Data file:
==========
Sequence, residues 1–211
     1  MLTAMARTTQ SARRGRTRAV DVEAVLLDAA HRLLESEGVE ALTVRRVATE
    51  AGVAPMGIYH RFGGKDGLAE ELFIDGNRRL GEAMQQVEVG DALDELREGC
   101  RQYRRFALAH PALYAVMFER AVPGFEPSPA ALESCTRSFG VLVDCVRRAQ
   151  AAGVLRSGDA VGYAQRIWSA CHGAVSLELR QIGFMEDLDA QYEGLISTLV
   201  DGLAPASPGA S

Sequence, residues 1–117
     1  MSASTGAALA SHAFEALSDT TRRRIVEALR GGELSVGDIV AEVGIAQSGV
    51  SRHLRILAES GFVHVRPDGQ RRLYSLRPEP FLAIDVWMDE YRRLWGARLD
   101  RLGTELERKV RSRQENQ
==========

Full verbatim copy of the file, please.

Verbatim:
Sequence, residues 1–211
     1  MLTAMARTTQ SARRGRTRAV DVEAVLLDAA HRLLESEGVE ALTVRRVATE
    51  AGVAPMGIYH RFGGKDGLAE ELFIDGNRRL GEAMQQVEVG DALDELREGC
   101  RQYRRFALAH PALYAVMFER AVPGFEPSPA ALESCTRSFG VLVDCVRRAQ
   151  AAGVLRSGDA VGYAQRIWSA CHGAVSLELR QIGFMEDLDA QYEGLISTLV
   201  DGLAPASPGA S

Sequence, residues 1–117
     1  MSASTGAALA SHAFEALSDT TRRRIVEALR GGELSVGDIV AEVGIAQSGV
    51  SRHLRILAES GFVHVRPDGQ RRLYSLRPEP FLAIDVWMDE YRRLWGARLD
   101  RLGTELERKV RSRQENQ